Maçães recognises that the US is not the only country reinventing itself. Much of the world no longer aims to emulate any liberal model of society or government. Like many, however, he conflates a rejection of liberalism with rejection of the West. Russia has repudiated both, and for that reason is most feared by western liberals. For the Bolsheviks Soviet communism was an avowedly westernising project, a combination of French Jacobinism with American Taylorism – the ideology of “scientific labour management” which Lenin admired and Trotsky tried to implement. Nothing could be further from the future Western liberals imagined for post-communist Russia than Putin’s blend of autocracy, anarchy and Orthodoxy. Despite being much more repressive and vastly more costly in human lives, the former Soviet Union is far less alien.
For him, the presidency of Donald Trump is the apotheosis of this phenomenon. But whereas the former actor Ronald Reagan turned what he had learnt from Hollywood into political messages, Trump has turned the presidency into a branch of the entertainment industry. As Macaes points out, he does not use the skills he learnt as the star and co-producer of The Apprentice to be a more skilful politician; he uses the stage of the presidency to become the nation’s most-watched reality TV act. To quote the author’s characteristic phrase, this is “a Copernican turn”.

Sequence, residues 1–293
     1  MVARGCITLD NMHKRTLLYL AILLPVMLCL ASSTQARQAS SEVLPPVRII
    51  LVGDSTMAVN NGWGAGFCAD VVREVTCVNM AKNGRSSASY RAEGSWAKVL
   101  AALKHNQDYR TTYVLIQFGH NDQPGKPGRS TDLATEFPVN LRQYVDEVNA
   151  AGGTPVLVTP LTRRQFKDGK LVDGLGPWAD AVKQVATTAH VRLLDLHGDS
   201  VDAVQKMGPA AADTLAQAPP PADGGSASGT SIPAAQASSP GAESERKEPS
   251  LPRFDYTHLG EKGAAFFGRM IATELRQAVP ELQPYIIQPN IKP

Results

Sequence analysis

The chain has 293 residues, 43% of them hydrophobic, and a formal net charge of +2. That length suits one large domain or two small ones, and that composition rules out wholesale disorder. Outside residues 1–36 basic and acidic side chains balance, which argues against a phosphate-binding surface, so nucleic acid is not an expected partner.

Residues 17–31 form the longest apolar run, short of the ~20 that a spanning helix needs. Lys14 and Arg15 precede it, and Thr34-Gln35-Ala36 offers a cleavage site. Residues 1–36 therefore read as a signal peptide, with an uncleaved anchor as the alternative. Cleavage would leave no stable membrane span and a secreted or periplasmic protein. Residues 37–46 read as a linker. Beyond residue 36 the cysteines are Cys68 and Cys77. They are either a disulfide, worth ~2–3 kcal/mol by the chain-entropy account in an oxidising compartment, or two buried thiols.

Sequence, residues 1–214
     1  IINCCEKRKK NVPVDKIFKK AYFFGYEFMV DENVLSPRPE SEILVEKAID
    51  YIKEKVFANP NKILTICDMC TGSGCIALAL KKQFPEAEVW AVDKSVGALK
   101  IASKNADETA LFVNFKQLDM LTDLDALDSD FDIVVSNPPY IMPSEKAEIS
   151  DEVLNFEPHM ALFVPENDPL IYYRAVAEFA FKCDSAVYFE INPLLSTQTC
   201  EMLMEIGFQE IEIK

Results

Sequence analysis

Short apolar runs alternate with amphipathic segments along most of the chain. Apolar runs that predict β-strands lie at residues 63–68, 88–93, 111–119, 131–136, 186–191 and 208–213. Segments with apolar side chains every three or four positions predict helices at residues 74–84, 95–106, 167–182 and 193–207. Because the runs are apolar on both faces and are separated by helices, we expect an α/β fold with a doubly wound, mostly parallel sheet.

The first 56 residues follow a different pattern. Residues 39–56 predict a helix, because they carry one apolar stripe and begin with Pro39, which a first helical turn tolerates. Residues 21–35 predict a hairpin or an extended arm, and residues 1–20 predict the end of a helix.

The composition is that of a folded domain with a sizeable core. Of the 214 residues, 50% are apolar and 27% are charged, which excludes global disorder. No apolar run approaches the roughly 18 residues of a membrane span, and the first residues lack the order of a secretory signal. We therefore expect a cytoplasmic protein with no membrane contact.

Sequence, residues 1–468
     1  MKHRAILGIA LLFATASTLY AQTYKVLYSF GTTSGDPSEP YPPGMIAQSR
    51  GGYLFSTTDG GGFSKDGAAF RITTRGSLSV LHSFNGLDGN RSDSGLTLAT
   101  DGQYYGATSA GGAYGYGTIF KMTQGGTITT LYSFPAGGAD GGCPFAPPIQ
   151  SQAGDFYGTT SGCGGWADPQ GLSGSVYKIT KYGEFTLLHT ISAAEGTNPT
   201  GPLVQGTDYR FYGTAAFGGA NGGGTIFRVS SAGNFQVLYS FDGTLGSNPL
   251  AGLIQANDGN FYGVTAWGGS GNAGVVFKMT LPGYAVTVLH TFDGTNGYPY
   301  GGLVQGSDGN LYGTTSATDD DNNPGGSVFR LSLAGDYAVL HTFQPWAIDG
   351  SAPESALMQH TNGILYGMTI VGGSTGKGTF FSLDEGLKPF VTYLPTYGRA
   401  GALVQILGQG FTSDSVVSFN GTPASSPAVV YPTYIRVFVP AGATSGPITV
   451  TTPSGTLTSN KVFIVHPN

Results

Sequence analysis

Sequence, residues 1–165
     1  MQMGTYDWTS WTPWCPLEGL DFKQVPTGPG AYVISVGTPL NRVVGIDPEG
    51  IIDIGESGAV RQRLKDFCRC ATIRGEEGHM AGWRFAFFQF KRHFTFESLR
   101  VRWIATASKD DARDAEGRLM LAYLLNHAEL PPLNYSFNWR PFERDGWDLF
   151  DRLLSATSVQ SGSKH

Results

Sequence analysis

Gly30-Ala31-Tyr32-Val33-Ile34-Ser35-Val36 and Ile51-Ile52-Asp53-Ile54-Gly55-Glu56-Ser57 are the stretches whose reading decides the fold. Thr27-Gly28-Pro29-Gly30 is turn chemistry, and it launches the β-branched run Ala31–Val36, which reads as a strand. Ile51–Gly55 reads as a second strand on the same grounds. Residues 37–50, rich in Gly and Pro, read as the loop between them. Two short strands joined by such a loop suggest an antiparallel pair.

On Trump, though, the book is simply brilliant – mischievous, and full of insights. Trump has not just adopted the techniques and tricks of the game-show, he has actually made the White House a continuum of the show. Being President of the United States is no different from being the omnipotent, omniscient host of ‘The Apprentice.’ In both roles, he can make his own reality. In the post-truth fantasy world of his game-show, he is playing the role of the most successful businessman in the world. But, then, even John F Kennedy and George W Bush’s team believed in adjustable reality. “We are an empire now, and when we act, we create our own reality,” affirmed Karl Rove, the White House Svengali, before the invasion of Iraq in 2003.